Fly away on my zephyr.
Publisher: The Friday Project (HarperCollins)
First Published: 30th July 2015
Date Reviewed: 8th October 2016
An idea sparks an artistic journey – after a brief conversation about a decoration for a student bar, Richards sets about creating a model airship, which leads him to think about how artists work within their creative spaces. He decides to contact various people of the arts world, interviewing them in context with his thoughts. (Amongst the icons are Jenny Saville, The Manic Street Preachers, David Nash, and Dame Judi Dench.)
The Beechwood Airship Interviews is a work of non-fiction the defies genre. At once a slight memoir and an arts/culture book, it’s an intriguing work that sports an overall artistic interest that’s apparent no matter how much or how little you happen to know about the interviewees themselves.
Richards’ starting point is the eponymous airship – a zeppelin of wood he creates as a sculpture for his student union bar. It is through this that he comes to ponder creative spaces, an artist’s personal connection to the place in which they create their work.
Richards’ interviews tend to follow a basic network connection – he starts with Bill Drummond who often lends work to the student bar, then moves on to Richard Lawrence who is a printer Drummond knows, then to Stanley Donwood who knows Lawrence and so on. The interviews span several pages and are offset by photographs. White space between questions and Richards’ now usual footnotes mean that the book is not quite the possibly daunting length it infers itself to be.
The questions are what make this book, along with Richards’ joviality and writing in general. There are no queries as to favourite roles as there are on TV shows or in papers, for example; Richards’ mission in visiting the people was to be different, to achieve the exact ideas and answers he was interviewing them to find. Some of the thoughts conveyed here are really quite mind-blowing in that artistic, literary pleasurable way.
In amongst the interviews, then, is Richards’ journey through the airship creation, his travels between places – home, university – and general diary-type content. His personable style pulls you along during the brief introductory periods – the vast majority of this book is formed of the interviews (as you might expect!)
Something of great importance to Richards in terms of education is the way art courses are run, how they’ve changed to become a lot more about rules and regulations – working towards a construct – rather than about creative freedom and becoming the artist/writer/musician one is destined to be. His thoughts – blunt, no prisoners – form a large part of the end though the thread is there throughout.
You learn a lot thanks to these interviews. How particular people work, yes, but also specific ideas, concepts, that unless you happen to be well-versed in every subject covered will be compelling at some point. You get the set-up – the off-stage portion of his time with each person; the cups of tea, the phone call between Dame Judi Dench and her daughter, the banter.
But really it’s the power, the almost inevitability, of this book to really wow you at times – supposing you are interested of course – that makes it the success it is. Richards’ enthusiasm is infectious; he tells you everything, taking you along for the ride in its entirety. The book itself may be niche and all about Richards’ desire to learn for himself, but the angle he takes and his writing style means that you’re just as much a part of it yourself from the word ‘go’.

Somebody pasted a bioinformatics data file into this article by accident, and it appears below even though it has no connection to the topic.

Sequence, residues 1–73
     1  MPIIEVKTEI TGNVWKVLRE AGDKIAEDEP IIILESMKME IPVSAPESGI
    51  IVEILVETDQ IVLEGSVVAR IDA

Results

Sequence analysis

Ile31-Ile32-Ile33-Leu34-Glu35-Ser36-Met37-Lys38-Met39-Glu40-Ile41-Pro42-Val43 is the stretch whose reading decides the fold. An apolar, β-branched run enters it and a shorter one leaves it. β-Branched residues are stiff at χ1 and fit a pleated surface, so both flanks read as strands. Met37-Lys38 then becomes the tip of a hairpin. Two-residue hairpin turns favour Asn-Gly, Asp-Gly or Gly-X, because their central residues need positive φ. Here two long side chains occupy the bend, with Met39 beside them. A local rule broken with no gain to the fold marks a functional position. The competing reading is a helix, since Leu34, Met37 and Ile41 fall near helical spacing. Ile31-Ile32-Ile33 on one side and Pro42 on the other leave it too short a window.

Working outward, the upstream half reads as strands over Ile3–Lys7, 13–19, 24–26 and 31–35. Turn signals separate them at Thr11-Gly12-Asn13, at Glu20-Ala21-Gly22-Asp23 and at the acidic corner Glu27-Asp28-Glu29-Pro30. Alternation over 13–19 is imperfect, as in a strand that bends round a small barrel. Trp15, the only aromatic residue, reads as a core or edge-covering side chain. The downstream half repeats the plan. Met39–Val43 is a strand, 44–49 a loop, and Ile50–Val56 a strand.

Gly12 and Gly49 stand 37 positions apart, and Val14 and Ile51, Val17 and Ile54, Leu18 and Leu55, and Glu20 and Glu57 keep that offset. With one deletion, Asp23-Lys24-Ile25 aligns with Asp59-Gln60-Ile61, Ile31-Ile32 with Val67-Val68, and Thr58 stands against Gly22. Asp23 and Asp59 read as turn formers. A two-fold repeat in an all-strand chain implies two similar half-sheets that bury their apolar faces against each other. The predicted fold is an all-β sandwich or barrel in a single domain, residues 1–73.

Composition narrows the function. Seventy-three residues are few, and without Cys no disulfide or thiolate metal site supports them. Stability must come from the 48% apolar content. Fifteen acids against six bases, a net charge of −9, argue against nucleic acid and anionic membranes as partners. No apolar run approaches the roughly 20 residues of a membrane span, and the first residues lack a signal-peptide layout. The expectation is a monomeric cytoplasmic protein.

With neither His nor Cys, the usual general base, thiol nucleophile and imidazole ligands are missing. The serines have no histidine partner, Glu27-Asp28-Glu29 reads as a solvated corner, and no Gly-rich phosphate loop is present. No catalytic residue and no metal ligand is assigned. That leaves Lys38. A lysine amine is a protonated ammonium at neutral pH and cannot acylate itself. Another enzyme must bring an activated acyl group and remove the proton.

The book could be considered a little too long; it does cover a lot and at a couple of points goes into the sort of artist philosophy that might turn off non ‘arty’ types. But that’s the way of interviews and collections, there will always be something a bit less interesting, and it doesn’t affect the book beyond that nor for any particular length of time.
Speaking in the present, if you’ve read Richards’ later work – rather possible as this book is somewhat of an outlier – you’ll find a slight difference in style that’s interesting in terms of the writing journey; this book was published a good few years after it was written. The Beechwood Airship Interviews won’t suit everyone but in terms of today it’s safe to say that with the recent publication of Climbing Days the potential audience number has increased, because, particularly, if you liked that book, you’ll like this one too.
I’ve met the author a couple of times and have interviewed him.
Update, 14th December 2016: Changed second usage of ‘decoration’ to ‘sculpture’ to more accurately reflect the project specifications.
December 14, 2016, 1:52 pm
I was wondering which order to read them in and think I’ll start with this one. It might be a while, though, as I’ve just started reading a 500 page German novel.
December 14, 2016, 4:47 pm
Has an intriguing sound to it that’s for sure!
December 15, 2016, 3:20 pm
Definitely a read that is that bit different. I have a niece who would love this book.
January 10, 2017, 12:43 pm
April: I think either way would work but I’d agree with reading it first being perhaps better.
Stefanie: It’s very unique and in a good way!
Tracy: That’s good to hear!